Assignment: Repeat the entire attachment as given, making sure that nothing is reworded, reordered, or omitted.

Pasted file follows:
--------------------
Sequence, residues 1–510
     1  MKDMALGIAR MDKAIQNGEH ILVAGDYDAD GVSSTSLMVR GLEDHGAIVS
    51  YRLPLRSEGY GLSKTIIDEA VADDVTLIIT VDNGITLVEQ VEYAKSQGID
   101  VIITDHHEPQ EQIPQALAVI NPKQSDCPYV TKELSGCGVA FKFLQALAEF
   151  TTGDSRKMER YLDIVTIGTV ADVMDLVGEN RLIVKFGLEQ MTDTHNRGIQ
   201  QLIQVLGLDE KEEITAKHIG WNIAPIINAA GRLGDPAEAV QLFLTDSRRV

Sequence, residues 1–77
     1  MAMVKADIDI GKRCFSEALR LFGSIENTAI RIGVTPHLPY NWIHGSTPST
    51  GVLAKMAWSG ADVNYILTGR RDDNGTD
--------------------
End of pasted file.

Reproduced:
Sequence, residues 1–510
     1  MKDMALGIAR MDKAIQNGEH ILVAGDYDAD GVSSTSLMVR GLEDHGAIVS
    51  YRLPLRSEGY GLSKTIIDEA VADDVTLIIT VDNGITLVEQ VEYAKSQGID
   101  VIITDHHEPQ EQIPQALAVI NPKQSDCPYV TKELSGCGVA FKFLQALAEF
   151  TTGDSRKMER YLDIVTIGTV ADVMDLVGEN RLIVKFGLEQ MTDTHNRGIQ
   201  QLIQVLGLDE KEEITAKHIG WNIAPIINAA GRLGDPAEAV QLFLTDSRRV

Sequence, residues 1–77
     1  MAMVKADIDI GKRCFSEALR LFGSIENTAI RIGVTPHLPY NWIHGSTPST
    51  GVLAKMAWSG ADVNYILTGR RDDNGTD